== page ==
Design meaningful follow-ups

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Special Moving Sale on Books!

I often hand out copies of my books when I speak, so I keep a bunch on hand. But I’m preparing to move, and I’d rather sell these extra copies than box and move them… So if you’d to pick up copies of The Reluctant Rainmaker or Legal Rainmaking Myths for yourself or colleagues, this is your chance!

The Reluctant Rainmaker is $25 per copy (regularly $49.95) and Legal Rainmaking Myths is $10 (regularly $12.95), both with free shipping. I have limited copies (27 of The Reluctant Rainmaker and 14 of Legal Rainmaking Myths, at last count), so if you’d like to take advantage, click on the links below for the book(s) you would like to purchase.

The Reluctant Rainmaker

Legal Rainmaking Myths

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You know that one-off meetings are likely to do little, so you always plan your follow-up strategy, right? It doesn’t matter whether you meet someone through formal networking, at a CLE seminar, or while you’re waiting for hours at the DMV… The best connections mean nothing if you can’t cultivate a relationship. (Unless, of course, you get business immediately and cultivate a relationship while you’re serving the client, but that’s rather uncommon.)

So, how do you prepare yourself to follow up with the people on your A-List—the top-priority people with whom you follow up with most frequently and with the most personalization? (If you’re not sure what an A-list is or how to use it, review Chapter 12 of The Reluctant Rainmaker.) In other words, how do you know what your new contact will find interesting enough that they’ll welcome your efforts to stay in touch?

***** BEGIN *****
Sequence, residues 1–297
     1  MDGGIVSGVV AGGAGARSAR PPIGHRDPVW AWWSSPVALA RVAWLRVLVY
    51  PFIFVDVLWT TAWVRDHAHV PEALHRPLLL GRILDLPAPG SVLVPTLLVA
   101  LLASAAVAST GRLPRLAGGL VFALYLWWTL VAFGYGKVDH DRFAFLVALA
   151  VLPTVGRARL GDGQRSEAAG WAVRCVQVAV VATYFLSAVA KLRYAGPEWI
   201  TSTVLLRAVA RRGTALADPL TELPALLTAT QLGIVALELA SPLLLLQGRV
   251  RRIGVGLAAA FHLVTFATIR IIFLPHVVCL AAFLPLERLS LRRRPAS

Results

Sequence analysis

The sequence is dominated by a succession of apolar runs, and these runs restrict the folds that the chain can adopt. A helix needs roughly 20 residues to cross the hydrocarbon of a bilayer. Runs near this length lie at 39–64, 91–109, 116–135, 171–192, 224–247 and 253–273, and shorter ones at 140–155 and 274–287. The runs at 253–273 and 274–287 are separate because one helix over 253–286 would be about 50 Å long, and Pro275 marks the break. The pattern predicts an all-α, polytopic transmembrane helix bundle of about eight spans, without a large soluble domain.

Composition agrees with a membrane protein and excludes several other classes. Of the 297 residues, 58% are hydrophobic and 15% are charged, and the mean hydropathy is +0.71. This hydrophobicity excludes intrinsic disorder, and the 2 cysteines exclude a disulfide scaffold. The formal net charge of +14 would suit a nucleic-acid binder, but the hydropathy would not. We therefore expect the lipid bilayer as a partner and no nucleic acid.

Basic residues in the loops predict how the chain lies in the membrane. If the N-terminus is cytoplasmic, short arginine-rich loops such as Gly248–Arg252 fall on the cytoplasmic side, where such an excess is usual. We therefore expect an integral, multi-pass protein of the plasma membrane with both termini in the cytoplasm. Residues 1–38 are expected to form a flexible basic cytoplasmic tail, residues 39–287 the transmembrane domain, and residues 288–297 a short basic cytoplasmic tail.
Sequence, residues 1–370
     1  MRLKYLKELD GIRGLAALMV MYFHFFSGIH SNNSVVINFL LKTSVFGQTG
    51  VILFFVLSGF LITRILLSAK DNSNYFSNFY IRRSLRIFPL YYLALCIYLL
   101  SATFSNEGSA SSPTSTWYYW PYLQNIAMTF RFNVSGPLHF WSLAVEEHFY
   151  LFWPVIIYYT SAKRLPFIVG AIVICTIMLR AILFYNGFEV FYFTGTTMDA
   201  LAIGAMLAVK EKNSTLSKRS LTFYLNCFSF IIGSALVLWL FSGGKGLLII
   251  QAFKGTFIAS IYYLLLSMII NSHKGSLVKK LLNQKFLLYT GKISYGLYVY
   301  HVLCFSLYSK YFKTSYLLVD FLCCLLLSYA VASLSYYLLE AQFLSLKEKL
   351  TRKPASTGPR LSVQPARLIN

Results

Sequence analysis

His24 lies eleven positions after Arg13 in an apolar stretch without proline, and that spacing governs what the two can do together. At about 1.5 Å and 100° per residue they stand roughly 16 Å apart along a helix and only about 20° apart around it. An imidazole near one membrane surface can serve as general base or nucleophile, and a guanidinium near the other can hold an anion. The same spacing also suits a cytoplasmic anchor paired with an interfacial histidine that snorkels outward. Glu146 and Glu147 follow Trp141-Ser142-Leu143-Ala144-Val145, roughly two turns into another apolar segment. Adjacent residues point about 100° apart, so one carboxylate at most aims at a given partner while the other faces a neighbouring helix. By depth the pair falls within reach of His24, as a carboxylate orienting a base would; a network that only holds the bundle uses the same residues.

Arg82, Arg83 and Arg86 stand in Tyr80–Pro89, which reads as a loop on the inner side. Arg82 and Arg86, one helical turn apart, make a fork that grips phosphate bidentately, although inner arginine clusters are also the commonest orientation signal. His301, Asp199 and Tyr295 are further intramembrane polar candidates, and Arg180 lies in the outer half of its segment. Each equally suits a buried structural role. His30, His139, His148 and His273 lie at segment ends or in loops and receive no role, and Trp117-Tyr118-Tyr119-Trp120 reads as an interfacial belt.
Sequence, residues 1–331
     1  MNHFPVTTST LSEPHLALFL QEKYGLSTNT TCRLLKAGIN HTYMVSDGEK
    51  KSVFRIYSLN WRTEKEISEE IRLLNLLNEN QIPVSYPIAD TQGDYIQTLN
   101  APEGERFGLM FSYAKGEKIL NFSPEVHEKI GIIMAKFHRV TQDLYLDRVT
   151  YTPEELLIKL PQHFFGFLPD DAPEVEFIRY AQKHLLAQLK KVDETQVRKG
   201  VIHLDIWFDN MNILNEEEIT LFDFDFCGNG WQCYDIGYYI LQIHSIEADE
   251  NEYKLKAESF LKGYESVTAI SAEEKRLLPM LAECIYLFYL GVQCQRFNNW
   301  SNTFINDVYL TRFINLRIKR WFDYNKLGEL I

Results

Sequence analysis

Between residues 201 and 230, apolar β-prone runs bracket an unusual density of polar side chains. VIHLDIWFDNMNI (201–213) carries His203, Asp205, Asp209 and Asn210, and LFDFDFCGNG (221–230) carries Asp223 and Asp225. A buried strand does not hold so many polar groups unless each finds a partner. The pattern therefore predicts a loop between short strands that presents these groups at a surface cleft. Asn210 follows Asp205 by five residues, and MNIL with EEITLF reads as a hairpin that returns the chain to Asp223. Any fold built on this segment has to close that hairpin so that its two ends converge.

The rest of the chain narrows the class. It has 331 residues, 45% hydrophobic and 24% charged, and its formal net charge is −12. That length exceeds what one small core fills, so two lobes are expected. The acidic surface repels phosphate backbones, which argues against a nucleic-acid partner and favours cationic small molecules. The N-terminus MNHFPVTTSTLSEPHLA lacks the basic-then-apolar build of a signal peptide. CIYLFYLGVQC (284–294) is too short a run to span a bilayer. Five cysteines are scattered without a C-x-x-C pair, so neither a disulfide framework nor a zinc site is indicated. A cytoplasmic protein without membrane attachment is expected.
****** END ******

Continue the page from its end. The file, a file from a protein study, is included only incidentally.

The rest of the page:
Prepare yourself with these three steps:

  1. Immediately after you meet someone who has a high probability of fitting your A-list, make notes about where you met and what you learned. I like to use Evernote to maintain these notes so that I’ll have access on any device, in any location. You never know when information will matter, so if you learn that her son Fred plays volleyball at the University of Iowa, note that. You’ll thank yourself when you drop your contact a note to congratulate her on her son’s performance in the national semifinals.
  2. Set up Google alerts on your new contact’s name and/or company. Wouldn’t it be nice if you could get an email whenever your key contacts are mentioned online? That’s exactly what Google Alerts does. (Be sure to set up a Google Alert on your own name, too.) You can also set Alerts on relevant topics. Consider sending these to a secondary email address so that your critical emails aren’t hidden in a flood of alerts.
  3. Connect with your new contact on LinkedIn.  Depending on how complete his profile is, you may pick up useful information right away. And if your new contact is active on LinkedIn (liking and sharing news stories, for example), you’ll get an idea of what catches his attention.

Use these three steps to determine what your new contact will find valuable or interesting, as well as what will demonstrate that you’re paying attention. That’s the secret to follow-up contacts that build relationships.

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